December 31st, -0001
Satellite Operators Team To Avoid Collisions (Aviation Week)
Spurred in part by the February 2009 collision between an active Iridium spacecraft and a defunct Russian military-communications satellite, the new Space Data Center automatically plots conjunctions in the orbits of satellites owned by participating operators and alerts their control centers to the problem.
The non-profit organization that runs the system, which is currently limited to 126 satellites in geostationary orbit, is already in talks with U.S. Strategic Command on trading the data it has for better space-debris ephemera and a heads-up when one of the commercial spacecraft in the system is in the way of a military spacecraft.
“There’s good, reasonable assurance that the data we have is accurate,” says Tobias Nassif, vice president of satellite operations and engineering for Intelsat and a director of the new Space Data Association.
“And in exchange [Stratcom] can provide us some more accurate data on orbital debris and also warn us of impending collisions with DOD assets.”
The talks likely will meet with cooperation from Stratcom and the U.S. Air Force, which is in charge of space situational awareness for the command. The U.S. military has been working the problem from the other end since the satellite collision last year, adding personnel and computer power to the task of spacecraft collision avoidance.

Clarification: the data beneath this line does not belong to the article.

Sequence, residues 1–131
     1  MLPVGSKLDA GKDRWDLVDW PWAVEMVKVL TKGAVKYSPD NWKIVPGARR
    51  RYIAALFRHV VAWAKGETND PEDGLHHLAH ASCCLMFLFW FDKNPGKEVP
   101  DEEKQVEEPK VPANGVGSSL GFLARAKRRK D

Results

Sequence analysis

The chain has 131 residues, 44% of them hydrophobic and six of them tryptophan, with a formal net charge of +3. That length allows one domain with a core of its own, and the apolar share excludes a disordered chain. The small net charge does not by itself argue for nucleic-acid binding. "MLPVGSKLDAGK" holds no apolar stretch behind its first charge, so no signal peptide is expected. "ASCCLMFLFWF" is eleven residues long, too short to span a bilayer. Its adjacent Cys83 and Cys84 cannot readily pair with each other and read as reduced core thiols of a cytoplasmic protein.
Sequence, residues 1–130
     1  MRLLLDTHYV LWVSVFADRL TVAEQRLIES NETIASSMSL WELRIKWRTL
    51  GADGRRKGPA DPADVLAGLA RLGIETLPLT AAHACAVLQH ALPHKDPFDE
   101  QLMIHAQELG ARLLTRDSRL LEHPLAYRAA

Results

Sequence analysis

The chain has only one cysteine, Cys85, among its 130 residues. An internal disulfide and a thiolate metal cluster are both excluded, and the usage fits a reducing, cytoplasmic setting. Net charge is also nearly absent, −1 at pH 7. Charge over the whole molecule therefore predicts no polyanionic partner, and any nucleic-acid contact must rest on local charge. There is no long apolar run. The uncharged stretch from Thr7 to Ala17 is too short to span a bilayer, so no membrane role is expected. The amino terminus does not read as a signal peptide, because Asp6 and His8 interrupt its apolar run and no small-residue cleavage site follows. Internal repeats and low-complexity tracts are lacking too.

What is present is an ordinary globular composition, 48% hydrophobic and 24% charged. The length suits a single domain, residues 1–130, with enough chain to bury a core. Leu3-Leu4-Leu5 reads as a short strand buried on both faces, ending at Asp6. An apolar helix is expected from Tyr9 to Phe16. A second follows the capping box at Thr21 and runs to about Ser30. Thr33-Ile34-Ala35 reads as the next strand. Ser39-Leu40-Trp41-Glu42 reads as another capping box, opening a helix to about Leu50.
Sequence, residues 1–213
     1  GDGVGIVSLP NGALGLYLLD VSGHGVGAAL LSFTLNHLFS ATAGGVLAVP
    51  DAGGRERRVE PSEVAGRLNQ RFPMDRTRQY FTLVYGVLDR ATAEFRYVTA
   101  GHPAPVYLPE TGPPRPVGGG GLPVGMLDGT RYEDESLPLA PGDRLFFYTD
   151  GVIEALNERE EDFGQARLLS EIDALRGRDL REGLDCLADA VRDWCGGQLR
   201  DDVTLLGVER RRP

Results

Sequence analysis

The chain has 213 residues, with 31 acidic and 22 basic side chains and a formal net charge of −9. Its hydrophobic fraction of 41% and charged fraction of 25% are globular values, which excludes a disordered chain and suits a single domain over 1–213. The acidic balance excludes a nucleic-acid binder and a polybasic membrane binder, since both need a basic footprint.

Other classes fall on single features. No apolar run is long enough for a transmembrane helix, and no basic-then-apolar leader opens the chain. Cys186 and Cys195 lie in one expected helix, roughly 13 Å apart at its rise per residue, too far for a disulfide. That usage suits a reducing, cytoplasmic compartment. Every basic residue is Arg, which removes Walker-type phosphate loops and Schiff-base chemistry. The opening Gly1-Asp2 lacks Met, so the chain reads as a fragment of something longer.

There actually is no center, but only a distributed network with servers in the U.S. and U.K. running software developed under contract by Analytic Graphics. For greater geographic dispersion, the Space Data Center also is looking for server space in Asia.
“This is really an organization put together by the operators for direct support of operations,” Nassif says. “We’re not a trade association. We’re not a lobbying group. We as the operators saw a need to better share data amongst each other to help avoid collisions.”
In his role as chief of Intelsat satellite operations, Nassif is responsible for handling his company’s wayward Galaxy 15 satellite, which has been uncontrollable because of an electronics glitch since April. The spacecraft has been drifting to the east in the geostationary belt since then, forcing Intelsat to finds ways to avoid collisions and interference with other spacecraft’s signals.
Galaxy 15 is expected to stop generating electricity when its solar arrays drift away from the Sun this month, and the problem developed before the new data center went on line. But it presents exactly the type of situation the new system is meant to handle.
In addition to the U.S. military, the three founding companies are in discussions with NASA, the U.S. National Oceanic and Atmospheric Administration, and the European Space Agency about joining the Space Data Center. They are also finalizing a fee structure — which Nassif says will be small — to encourage other commercial operators to join for the broadest possible coverage, including low Earth orbit data. They have a website where membership information will be available (www.space-data.org).
By Frank Morring, Jr., Aviation Week
The article is available here .